Sign up for VMSPACE, Korea's best architecture online magazine.

Login Join


A Corridor in a Museum Becomes a Street

etc.Jan 08, 2019


 

 

 

 

An unfamiliar structure has been installed in the corridor of the National Museum of Modern and Contemporary Art (MMCA) Gwacheon. Between the white walls and amidst its ambient light, the materials of industry such as pipes, plywood boards, and red lighting are placed in the corridors of the museum, attracting the visitors’ attention. It was designed by Seo Seungmo (representative, Samuso Hyojadong Architects & Associates) and called ‘Hypothesis Scaffolding Street’. This work began with a hypothesis to turn a corridor into a street. ‘Streets’ and ‘roads’ have similar meanings, but the nuances of each word are very different. If roads are made for their function, streets may be created by necessity, and other behaviours may occur. In fact, we noted visitors travelling from gallery to a gallery tended to stay in this liminal space, talking and relaxing in the ‘Hypothesis Scaffolding Street’.

Seo chose scaffolding material to examine hypotheses. This was because modular systems can easily be installed and dismantled and can vary widely. He created a structure using a pipe-and-joint system and made furniture out of plywood boards for people to stay, relax, and talk. The straw sitting mat on the furniture added warmth and familiarity to the neutral gallery corridor. He also designed minute slopes on the floor so that people could experience walking up and down the road. The eaves that lowered their heads towards an inner court in the corridor were repeatedly placed with long red lights, and in response to this, Seo said, ‘I like to see the light coming from the slanted ceiling of the MMCA Gwacheon. I set the angle of the red light so that it can be adjusted according to it. I also hoped that this temporary space would be recognised on the first floor as well’. Thus, ‘Hypothesis Scaffolding Street’ shows the possibility for scaffolding as a finishing material, stimulating people's curiosity and imagination in a space cultivating a unique atmosphere by carefully combining rough and coarse materials.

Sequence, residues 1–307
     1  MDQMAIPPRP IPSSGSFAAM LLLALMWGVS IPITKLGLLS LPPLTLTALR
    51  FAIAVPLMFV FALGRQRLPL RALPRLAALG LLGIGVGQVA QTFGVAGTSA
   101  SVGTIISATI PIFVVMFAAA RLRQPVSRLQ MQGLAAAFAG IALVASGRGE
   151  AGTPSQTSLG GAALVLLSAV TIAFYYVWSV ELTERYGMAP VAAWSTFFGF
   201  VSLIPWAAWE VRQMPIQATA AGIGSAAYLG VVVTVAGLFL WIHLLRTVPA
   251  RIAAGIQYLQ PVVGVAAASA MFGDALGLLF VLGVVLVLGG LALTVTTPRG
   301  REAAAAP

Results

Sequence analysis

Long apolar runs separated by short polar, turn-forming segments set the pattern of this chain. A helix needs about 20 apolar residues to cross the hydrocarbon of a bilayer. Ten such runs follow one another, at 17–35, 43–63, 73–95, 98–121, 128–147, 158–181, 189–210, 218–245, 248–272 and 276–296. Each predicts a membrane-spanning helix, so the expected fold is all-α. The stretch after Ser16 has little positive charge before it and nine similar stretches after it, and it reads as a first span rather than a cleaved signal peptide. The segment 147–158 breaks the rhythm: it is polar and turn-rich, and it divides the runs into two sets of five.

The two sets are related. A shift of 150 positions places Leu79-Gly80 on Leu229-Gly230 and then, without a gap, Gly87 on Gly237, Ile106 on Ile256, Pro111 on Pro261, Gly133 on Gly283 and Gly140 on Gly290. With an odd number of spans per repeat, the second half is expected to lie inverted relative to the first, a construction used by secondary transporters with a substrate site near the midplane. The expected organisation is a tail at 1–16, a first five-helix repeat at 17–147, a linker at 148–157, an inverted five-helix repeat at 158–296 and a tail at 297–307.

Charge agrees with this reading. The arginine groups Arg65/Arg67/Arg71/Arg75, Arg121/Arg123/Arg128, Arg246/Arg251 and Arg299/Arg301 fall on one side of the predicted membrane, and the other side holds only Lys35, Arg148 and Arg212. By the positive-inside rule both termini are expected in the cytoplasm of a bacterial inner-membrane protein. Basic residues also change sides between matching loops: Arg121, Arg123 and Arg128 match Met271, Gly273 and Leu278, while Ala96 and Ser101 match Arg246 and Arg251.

This corridor project, which has taken place for the second time since 2017, considers the existing corridor, which accounts for 20 per cent of the museum, as not simply a passage but as a space that contains latent possibilities, experiments and suggests various possibilities. The structure of the project will be selected through recommendation and review by external experts. The project will be show in the MMCA Gwacheon third floor corridor (in front of Gallery 6) until Sep. 30, 2019.

 


COMMENTS